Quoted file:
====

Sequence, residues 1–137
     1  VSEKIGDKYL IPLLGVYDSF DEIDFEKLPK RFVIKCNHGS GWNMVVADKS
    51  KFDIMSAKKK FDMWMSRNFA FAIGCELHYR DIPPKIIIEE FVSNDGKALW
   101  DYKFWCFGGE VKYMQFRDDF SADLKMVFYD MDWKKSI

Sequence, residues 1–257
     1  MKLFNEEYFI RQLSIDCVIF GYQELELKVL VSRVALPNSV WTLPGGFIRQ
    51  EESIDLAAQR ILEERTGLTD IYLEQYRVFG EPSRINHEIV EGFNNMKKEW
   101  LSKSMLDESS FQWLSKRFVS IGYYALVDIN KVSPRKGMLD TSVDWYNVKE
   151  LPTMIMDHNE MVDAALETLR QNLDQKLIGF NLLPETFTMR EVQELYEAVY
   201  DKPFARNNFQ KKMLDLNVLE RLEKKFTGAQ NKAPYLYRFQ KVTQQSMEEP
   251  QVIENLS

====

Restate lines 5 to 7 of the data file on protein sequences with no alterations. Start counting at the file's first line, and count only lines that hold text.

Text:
Sequence, residues 1–257
     1  MKLFNEEYFI RQLSIDCVIF GYQELELKVL VSRVALPNSV WTLPGGFIRQ
    51  EESIDLAAQR ILEERTGLTD IYLEQYRVFG EPSRINHEIV EGFNNMKKEW